New flu virus in Sask. needs to be watched: expert
A new strain of flu virus diagnosed in at least two Saskatchewan hog
farm workers will likely disappear with those cases, but public health
authorities need to keep a wary eye on it in case it spreads, a leading
Canadian infectious disease expert warns.
Frank Plummer, director of the National Microbiology Laboratory in
Winnipeg, stressed that the novel virus is not connected to the
pandemic strain of H1N1 influenza A virus that has infected thousands
of Canadians and been linked to 38 deaths across the country.
Tests showed two workers at a hog farm in eastern Saskatchewan had
been infected with the novel virus last month and a third is suspected
to have been sickened by the same agent. All three have fully recovered.
The new flu is a genetic cocktail of seasonal human flu and a
long-known animal strain, said Plummer, explaining that an influenza
virus that's been "circulating in pigs for many, many years picked up
some new genes from the human H1N1 seasonal flu, nothing to do with
this pandemic virus."
"And it's created this brand new virus that's never been seen before."
Plummer, in Toronto on Wednesday for a meeting of researchers from
across Canada to discuss the H1N1 flu pandemic, said no other human
cases of the Saskatchewan virus have been reported and "the pigs
apparently look pretty well."
"So, we've picked up this novel virus. We have to react very
aggressively to it. But from what we know now, I think it's probably
going to end with those three cases and everything will be fine,"
The new strain was identified after tests on the workers came back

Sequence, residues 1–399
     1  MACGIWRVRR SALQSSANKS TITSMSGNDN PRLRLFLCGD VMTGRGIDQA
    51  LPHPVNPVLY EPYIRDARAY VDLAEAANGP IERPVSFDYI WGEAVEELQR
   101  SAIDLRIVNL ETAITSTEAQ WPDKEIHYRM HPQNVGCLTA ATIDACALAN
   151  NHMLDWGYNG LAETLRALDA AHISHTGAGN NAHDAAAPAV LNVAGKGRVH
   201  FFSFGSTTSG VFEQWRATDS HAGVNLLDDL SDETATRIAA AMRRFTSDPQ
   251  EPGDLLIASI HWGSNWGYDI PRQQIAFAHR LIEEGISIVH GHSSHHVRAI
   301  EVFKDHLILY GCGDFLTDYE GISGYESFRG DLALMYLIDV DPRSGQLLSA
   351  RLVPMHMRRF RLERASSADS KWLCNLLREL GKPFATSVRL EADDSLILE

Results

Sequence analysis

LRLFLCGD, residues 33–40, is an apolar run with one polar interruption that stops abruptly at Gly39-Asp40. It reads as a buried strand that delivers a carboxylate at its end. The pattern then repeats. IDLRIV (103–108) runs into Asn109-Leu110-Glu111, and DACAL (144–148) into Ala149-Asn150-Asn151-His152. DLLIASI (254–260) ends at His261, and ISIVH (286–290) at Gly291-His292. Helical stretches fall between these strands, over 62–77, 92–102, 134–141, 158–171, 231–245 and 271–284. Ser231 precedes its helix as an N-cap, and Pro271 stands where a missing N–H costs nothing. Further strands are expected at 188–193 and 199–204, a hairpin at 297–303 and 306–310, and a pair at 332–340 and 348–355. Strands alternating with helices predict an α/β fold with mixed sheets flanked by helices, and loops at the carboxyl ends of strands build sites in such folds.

positive for both seasonal and swine flu — a finding that Dr. Moira
McKinnon, Saskatchewan's chief medical officer of health, called
When the aberrant test results were sent to the National
Microbiology Lab for further analysis, scientists discovered genes from
two different flu viruses had combined.
Plummer said it's not known when this "reassortment" — the mixing of
genetic material — occurred, but he believes it's likely the workers
were infected by the pigs, not the other way around.
Nor does he think that there was human-to-human transmission because
all three workers got sick at the same time. All had been in
Saskatchewan for about a year and had not left the province.
"So that would be consistent with coming from a common source like one pig," he said.
While Plummer believes the chance of this new flu virus genetically
recombining with the pandemic H1N1 strain is "very, very unlikely," he
cautions that public health officials need to aggressively keep on top
of the virus.
"We need to understand the extent of the problem: Is it just these
three people or is it more than that? Is it just this one pig herd or
is it more than that?" he said.